A Rare Case of Candida Brain Abscess in a Patient with Cirrhosis

1Beth Israel Medical Center, New York, NY
2Beth Israel Medical Center, New York, NY
3Beth Israel Medical Center, New York, NY
4Beth Israel Medical Center, New York, NY
5Beth Israel Medical Center, New York, NY

Meeting: Hospital Medicine 2013, May 16-19, National Harbor, Md.

Abstract number: 358

Case Presentation:

A 41‐year‐old man with insulin‐dependent diabetes and hepatitis C cirrhosis with multiple variceal bandings presented with progressive right‐sided weakness had been seen at an outside hospital 6 months prior to admission, where ring‐enhancing lesions in the left frontal lobe were noted on CT and MRI. CSF and serum analyses for toxoplasmosis and a rapid HIV test were negative. A diagnosis of probable CNS toxoplasmosis was empirically treated with pyrimethamine, sulfadiazine, and leucovorin. The patient completed the prescribed course. His symptoms initially improved minimally but then deteriorated over 6 months to hemiparesis, at which time he presented to our hospital. CT scan of the brain revealed multiple ring‐enhancing lesions. The patient was continued on presumptive toxoplasmosis treatment along with cefepime and metronidazole. An MRI demonstrated enlarging lesions with mass effect and dexamethasone was added. Serum studies for toxoplasmosis and blood cultures were negative. HIV‐1/2 enzyme‐linked immunoassay was negative. HIV‐1 viral load was undetectable. When he failed to improve; he had a brain biopsy revealing gross pus. Both histopathogy and culture were consistent with Candida albicans. Treatment with liposomal amphotericin and 5‐flucytosine were started but the patient expired after 7 weeks of antifungal treatment.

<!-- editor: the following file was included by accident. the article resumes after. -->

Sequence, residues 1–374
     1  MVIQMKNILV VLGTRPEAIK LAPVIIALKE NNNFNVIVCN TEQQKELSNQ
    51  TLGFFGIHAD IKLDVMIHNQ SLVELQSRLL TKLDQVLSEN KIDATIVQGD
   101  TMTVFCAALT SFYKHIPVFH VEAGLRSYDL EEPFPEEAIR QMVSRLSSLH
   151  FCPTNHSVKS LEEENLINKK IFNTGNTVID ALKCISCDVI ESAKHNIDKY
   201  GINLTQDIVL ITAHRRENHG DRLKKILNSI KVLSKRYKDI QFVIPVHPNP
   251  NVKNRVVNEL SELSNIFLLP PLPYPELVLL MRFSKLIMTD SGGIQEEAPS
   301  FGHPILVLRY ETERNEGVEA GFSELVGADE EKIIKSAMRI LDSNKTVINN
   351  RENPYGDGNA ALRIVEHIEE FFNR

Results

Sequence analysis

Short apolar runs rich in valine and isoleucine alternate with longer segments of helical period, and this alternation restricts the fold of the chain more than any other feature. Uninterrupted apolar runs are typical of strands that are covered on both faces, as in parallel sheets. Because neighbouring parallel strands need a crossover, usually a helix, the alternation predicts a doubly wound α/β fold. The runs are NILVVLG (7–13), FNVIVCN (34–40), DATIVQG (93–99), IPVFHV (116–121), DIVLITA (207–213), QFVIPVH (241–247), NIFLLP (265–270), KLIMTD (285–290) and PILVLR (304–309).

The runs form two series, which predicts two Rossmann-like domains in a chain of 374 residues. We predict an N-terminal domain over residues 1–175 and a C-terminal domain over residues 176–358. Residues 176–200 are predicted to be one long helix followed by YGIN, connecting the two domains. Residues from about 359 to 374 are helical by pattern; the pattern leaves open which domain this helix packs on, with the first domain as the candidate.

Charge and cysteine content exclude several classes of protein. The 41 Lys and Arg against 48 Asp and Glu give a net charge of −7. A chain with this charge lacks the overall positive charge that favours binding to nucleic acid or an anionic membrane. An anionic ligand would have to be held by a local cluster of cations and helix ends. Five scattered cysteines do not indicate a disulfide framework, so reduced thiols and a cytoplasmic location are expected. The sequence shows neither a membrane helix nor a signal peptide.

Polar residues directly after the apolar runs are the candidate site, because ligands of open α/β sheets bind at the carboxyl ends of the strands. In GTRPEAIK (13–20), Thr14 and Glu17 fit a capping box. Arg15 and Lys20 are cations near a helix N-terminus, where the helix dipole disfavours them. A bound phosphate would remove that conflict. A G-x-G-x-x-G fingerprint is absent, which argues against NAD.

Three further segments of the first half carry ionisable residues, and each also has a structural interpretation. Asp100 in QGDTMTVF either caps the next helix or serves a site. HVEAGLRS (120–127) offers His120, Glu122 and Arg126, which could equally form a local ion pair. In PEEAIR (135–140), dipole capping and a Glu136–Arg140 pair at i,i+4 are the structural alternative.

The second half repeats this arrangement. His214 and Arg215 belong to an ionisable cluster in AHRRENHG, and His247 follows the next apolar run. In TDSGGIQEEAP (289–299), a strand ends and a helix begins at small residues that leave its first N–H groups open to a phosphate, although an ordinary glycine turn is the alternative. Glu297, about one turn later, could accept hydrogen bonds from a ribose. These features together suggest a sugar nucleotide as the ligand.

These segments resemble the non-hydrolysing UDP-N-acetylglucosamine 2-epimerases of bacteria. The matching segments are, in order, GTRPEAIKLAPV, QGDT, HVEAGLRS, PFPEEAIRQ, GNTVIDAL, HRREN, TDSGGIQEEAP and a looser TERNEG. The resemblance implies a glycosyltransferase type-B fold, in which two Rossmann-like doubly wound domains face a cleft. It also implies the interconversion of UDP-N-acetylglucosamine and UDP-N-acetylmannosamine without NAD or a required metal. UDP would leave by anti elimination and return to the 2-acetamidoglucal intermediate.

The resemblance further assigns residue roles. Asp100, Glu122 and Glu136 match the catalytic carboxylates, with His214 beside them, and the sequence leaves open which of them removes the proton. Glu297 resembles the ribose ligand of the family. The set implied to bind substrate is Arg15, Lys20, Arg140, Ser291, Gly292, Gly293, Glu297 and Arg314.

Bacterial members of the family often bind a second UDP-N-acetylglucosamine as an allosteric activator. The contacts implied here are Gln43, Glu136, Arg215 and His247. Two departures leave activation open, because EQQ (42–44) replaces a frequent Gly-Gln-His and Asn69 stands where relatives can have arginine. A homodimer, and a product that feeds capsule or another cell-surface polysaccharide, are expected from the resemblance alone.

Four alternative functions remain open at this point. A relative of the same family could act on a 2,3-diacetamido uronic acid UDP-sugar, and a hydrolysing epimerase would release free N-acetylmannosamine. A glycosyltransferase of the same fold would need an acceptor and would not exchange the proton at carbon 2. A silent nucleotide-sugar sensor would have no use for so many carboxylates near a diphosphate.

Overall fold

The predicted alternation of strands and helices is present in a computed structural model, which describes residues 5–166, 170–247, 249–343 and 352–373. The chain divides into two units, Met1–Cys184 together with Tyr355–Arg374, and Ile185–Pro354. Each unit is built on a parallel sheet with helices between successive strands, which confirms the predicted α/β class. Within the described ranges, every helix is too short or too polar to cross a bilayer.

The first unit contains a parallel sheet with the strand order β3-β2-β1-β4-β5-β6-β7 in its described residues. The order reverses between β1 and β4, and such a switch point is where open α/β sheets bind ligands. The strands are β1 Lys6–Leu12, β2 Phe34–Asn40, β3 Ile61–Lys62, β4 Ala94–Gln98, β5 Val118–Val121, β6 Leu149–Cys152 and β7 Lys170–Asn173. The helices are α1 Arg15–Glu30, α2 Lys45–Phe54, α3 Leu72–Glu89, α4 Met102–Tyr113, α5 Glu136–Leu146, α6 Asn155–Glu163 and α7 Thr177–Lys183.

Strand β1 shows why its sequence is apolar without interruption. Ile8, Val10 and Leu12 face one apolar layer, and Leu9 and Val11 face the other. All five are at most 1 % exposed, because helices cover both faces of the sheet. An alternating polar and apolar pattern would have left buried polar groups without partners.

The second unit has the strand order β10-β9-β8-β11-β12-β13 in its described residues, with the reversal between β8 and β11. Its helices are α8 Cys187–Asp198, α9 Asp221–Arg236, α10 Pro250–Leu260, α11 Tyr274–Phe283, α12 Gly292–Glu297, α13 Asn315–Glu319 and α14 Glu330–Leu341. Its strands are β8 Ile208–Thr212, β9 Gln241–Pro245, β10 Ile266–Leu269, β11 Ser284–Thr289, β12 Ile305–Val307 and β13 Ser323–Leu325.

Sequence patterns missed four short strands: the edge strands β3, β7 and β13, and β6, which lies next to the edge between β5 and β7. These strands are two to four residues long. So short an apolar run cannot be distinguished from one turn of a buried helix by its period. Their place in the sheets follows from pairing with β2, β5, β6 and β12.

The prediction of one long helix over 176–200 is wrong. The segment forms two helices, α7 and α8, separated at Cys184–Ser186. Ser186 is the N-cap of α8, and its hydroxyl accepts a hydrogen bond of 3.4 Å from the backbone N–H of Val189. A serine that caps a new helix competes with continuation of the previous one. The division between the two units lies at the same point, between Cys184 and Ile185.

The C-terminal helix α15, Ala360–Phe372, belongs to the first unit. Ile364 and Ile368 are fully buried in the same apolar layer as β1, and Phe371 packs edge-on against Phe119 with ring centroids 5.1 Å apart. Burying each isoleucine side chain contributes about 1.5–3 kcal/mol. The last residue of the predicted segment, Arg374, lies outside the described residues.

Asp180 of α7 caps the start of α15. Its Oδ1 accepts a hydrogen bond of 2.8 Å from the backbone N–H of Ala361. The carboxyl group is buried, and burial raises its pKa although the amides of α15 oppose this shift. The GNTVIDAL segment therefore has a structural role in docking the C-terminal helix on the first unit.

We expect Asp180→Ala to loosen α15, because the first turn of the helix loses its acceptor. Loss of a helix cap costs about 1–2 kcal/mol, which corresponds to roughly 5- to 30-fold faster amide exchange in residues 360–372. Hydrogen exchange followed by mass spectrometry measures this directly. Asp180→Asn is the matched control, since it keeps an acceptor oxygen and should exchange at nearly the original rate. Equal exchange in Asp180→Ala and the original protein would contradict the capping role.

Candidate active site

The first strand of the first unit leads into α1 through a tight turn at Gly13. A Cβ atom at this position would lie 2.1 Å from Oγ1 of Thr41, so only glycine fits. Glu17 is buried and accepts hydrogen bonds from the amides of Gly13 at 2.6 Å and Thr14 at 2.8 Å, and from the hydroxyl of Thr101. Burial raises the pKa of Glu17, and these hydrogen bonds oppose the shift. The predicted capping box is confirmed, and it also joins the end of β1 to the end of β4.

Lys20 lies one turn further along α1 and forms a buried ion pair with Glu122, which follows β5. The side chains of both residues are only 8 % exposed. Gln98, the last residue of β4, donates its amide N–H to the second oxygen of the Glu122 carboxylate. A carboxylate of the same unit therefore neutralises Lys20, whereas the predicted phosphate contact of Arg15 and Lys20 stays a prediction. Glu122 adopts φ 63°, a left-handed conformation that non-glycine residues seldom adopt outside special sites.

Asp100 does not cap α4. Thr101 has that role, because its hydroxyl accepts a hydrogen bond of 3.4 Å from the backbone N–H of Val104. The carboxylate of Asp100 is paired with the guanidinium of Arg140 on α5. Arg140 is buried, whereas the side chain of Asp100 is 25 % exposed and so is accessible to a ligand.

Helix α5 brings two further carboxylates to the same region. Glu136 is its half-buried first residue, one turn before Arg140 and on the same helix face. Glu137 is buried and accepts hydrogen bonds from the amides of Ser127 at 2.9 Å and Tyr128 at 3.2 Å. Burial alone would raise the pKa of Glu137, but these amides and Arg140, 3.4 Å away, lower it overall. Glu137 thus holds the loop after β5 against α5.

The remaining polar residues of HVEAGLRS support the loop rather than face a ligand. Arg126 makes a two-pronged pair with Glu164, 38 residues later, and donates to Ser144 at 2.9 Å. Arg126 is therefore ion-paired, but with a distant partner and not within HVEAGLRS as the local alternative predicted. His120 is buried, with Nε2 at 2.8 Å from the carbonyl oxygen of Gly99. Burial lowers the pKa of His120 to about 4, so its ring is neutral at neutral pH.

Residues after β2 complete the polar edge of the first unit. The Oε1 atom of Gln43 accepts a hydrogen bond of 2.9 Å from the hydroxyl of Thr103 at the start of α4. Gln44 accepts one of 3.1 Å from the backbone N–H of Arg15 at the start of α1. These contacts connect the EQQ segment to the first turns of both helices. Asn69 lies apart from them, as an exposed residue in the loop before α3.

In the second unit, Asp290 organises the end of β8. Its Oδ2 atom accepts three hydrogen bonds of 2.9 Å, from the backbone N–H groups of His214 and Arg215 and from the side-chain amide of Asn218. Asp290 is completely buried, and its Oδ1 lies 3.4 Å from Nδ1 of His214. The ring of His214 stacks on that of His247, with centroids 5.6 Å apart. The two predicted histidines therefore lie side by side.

Fungal brain abscesses are rare. Candida albicans is the most frequently isolated pathogen. Risk factors include increasing use of broad spectrum antibiotics, DM, corticosteroids and immunosuppressive agents. Candida has also been shown to be an important pathogen when the integrity of the gut is compromised. In this case, it is postulated that this occurred during variceal banding leading to transient candidemia and seeding of the brain. They should be especially considered in patients with significant liver disease. In HIV‐infected patients the standard of care is to presumptively treat ring‐enhancing brain lesion as toxoplasmosis and then reevaluate the patient after two weeks of therapy. In our patient, this therapeutic route was initially used despite a negative HIV test. Pyrimethamine and sulfadiazine both have some in vitro antimycotic effects that may have slowed the evolution of symptoms.


Candida brain lesions should be suspected in patients with brain lesions compatible with abscesses not improving on broad‐spectrum antibiotics. HIV‐negative patients with brain lesions should not be treated presumptively for CNS toxoplasmosis and should undergo biopsy.

CT brain with contrast showing dense lesions, vasogenic edema, and 5‐mm right midline shift

A Gomori–Grocott methenamine silver stain of aspirated brain abscess showing hyphal elements.

To cite this abstract:

Oleng N, Francis G, Krupka M, Calabrese R, Gomez T. A Rare Case of Candida Brain Abscess in a Patient with Cirrhosis. Abstract published at Hospital Medicine 2013, May 16-19, National Harbor, Md. Abstract 358. Journal of Hospital Medicine. 2013; 8 (suppl 2). https://www.shmabstracts.com/abstract/a-rare-case-of-candida-brain-abscess-in-a-patient-with-cirrhosis/. Accessed May 22, 2019.

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